I’ve been thinking about patience lately. I realize how much patience one has to develop to accomplish any worthwhile goal whether it’s getting a degree, raising a child or losing weight. Regarding my children, one lecturer used to say, “It’s a marathon, not a sprint.” That saying has helped me when parenting my children, but I use it to in other aspects of my life. We’re so used to fast results and the quickness of living in the 21st century. We know that things take time and we should slow down, but to actually do that; to actually be patient…Well what is that?
Fortunately our children take a long time to grow up. That gives us time to make decisions, change our minds, make mistakes, try again and sometimes get it right. Why do expect no less ourselves when it comes to accomplishing a goal, like losing weight?
So many people I work with are professionals who had to wade through good times, bad times, work hard, endure disappointments and had to be…yes, patient to get where they are today. Why don’t we transfer the ability to be patient with other desires?
This difficulty being patient starts because we are not taught effective strategies and therefore don’t teach children strategies to develop patience. We tell children, “No you can’t have everything you want.” “No, you have to wait,” But the messages we teach are negative. The message we send is, “Tolerate being uncomfortable because everyone has to learn that.” We end up frustrating children instead of developing skills to be patient.
I wasn’t taught patience and I don’t know if I’ve taught my children very well. I’m trying to learn patience and I’m trying to teach patience. Now I have tools, including teachers who share with me what patience is, how to develop patience and how to manifest patience. I’m a lot happier now that I have tools. I wish I had been taught earlier. Life would have been better and more fruitful if I understood earlier what and how to manifest patience.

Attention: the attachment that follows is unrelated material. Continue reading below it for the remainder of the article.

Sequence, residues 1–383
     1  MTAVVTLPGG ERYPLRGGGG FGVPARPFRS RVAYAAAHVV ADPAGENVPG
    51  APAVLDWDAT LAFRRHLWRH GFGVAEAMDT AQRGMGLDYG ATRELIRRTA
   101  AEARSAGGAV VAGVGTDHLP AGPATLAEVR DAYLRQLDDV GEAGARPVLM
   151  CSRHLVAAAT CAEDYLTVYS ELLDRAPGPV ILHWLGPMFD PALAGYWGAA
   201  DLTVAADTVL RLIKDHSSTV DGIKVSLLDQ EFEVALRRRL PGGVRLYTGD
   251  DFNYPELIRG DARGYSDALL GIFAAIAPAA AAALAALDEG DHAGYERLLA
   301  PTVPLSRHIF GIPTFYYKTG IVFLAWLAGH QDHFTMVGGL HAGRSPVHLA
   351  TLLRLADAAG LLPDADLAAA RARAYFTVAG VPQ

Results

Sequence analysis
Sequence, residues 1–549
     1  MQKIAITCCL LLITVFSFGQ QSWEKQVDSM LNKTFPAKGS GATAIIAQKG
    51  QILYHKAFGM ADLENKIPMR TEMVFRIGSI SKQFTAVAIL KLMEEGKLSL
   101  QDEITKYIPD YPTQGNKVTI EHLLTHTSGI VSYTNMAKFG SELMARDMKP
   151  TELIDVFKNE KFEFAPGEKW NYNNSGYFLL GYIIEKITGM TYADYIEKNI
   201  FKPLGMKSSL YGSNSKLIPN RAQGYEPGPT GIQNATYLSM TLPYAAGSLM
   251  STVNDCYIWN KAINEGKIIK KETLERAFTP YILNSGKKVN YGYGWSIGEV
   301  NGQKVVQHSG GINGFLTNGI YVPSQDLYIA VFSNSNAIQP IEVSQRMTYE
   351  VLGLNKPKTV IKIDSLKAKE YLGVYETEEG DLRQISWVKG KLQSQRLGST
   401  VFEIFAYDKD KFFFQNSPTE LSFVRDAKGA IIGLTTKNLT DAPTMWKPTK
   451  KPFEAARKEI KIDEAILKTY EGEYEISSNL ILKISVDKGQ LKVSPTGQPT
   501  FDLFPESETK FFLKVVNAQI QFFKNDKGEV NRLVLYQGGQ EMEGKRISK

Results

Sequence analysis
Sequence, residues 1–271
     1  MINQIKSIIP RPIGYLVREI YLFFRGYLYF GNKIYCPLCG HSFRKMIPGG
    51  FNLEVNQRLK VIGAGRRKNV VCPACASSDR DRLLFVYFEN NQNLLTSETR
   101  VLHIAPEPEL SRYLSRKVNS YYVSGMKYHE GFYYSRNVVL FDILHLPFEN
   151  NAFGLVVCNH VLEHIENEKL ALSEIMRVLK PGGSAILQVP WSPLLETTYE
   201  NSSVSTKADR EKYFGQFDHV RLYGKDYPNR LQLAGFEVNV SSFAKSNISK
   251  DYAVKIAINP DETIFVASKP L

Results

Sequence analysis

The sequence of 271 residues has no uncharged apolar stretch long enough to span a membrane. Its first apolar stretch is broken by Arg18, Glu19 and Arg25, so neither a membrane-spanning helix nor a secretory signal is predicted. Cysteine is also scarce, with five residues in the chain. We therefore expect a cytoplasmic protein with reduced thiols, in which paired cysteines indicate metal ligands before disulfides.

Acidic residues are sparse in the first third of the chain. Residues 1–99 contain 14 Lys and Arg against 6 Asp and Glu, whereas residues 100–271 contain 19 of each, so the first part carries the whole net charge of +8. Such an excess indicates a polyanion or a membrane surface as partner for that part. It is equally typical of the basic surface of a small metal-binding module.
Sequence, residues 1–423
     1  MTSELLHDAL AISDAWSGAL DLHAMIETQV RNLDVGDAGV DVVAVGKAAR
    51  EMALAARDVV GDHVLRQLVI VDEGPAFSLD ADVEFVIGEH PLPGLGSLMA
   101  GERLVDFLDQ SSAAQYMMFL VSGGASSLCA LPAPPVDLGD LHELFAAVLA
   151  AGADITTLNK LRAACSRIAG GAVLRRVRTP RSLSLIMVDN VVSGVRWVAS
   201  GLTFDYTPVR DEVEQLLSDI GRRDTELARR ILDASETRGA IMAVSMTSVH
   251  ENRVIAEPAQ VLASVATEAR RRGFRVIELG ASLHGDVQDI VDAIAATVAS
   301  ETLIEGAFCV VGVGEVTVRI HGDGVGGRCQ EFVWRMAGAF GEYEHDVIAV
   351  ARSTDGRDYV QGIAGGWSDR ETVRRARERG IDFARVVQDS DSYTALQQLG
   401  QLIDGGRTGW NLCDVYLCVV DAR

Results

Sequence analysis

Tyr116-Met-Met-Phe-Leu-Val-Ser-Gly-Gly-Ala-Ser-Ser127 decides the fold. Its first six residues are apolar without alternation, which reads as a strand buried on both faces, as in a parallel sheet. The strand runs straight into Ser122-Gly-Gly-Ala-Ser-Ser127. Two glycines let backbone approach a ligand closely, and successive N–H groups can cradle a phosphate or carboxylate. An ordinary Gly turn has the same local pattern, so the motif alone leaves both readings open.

How to develop patience?
Develop a mantra to get you through the tough moments.
Address your breathing. It’s hard to stay calm if your breathing is shallow or rapid. When you aren’t breathing, you could be in a fight or flight mode which means your higher brain power isn’t working well to be ultimately creative and intentional in your choices.
Address your fears if “it” all doesn’t happen now.
Spend less time trying to do “more.” This keeps you in a rapid pace response that everything in your life has to be done NOW. This disrupts the understanding of patience.
Notice how you are not living in present. Try and remind yourself that in this very moment you are fine.
In Taoism, we speak of learning to stay in the flow. Understand that if you are fighting the Universe to make things happen faster than it can, you are actually not in the flow of your life.
Do not spend a moment in the past and don’t anticipate the future. Stay present and go back to your breathing.
Read biographies of people who have accomplished great odds to get something they wanted.
Learn from your previous experiences about your patience.
Patience is a learned skill. Therefore know that we all can learn to be patient. Keep breathing and develop a practice of patience. Can you imagine a world in which patience was a value taught to all beings? It could change everything.
I was feeling impatient at the beginning of this article, wanting to cut to the practical information. I am glad that I caught myself and continued on, because I found the ideas for practicing patience at the end a nice reward for relaxing, reading and reflecting instead of skimming, as I feel compelled to do so often on Internet publications. (Why is that?)
Great insights, Amy! As far as this whole weight loss exploration goes for me, I vacillate between wanting to ‘be there now’ mixed with frequent bursts of unadulterated panic about what it will mean when I ‘arrive’. Appreciate you blogging on this!